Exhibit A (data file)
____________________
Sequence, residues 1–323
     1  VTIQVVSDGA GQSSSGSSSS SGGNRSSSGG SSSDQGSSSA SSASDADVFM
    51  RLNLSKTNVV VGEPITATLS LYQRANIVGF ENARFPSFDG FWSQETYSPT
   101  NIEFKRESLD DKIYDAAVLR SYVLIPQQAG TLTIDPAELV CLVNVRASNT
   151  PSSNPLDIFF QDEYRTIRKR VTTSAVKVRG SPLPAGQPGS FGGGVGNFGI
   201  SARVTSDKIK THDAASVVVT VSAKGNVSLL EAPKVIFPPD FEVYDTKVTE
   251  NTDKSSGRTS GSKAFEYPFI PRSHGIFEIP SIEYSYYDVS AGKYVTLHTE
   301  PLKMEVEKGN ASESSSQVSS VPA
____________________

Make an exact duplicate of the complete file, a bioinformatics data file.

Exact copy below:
Sequence, residues 1–323
     1  VTIQVVSDGA GQSSSGSSSS SGGNRSSSGG SSSDQGSSSA SSASDADVFM
    51  RLNLSKTNVV VGEPITATLS LYQRANIVGF ENARFPSFDG FWSQETYSPT
   101  NIEFKRESLD DKIYDAAVLR SYVLIPQQAG TLTIDPAELV CLVNVRASNT
   151  PSSNPLDIFF QDEYRTIRKR VTTSAVKVRG SPLPAGQPGS FGGGVGNFGI
   201  SARVTSDKIK THDAASVVVT VSAKGNVSLL EAPKVIFPPD FEVYDTKVTE
   251  NTDKSSGRTS GSKAFEYPFI PRSHGIFEIP SIEYSYYDVS AGKYVTLHTE
   301  PLKMEVEKGN ASESSSQVSS VPA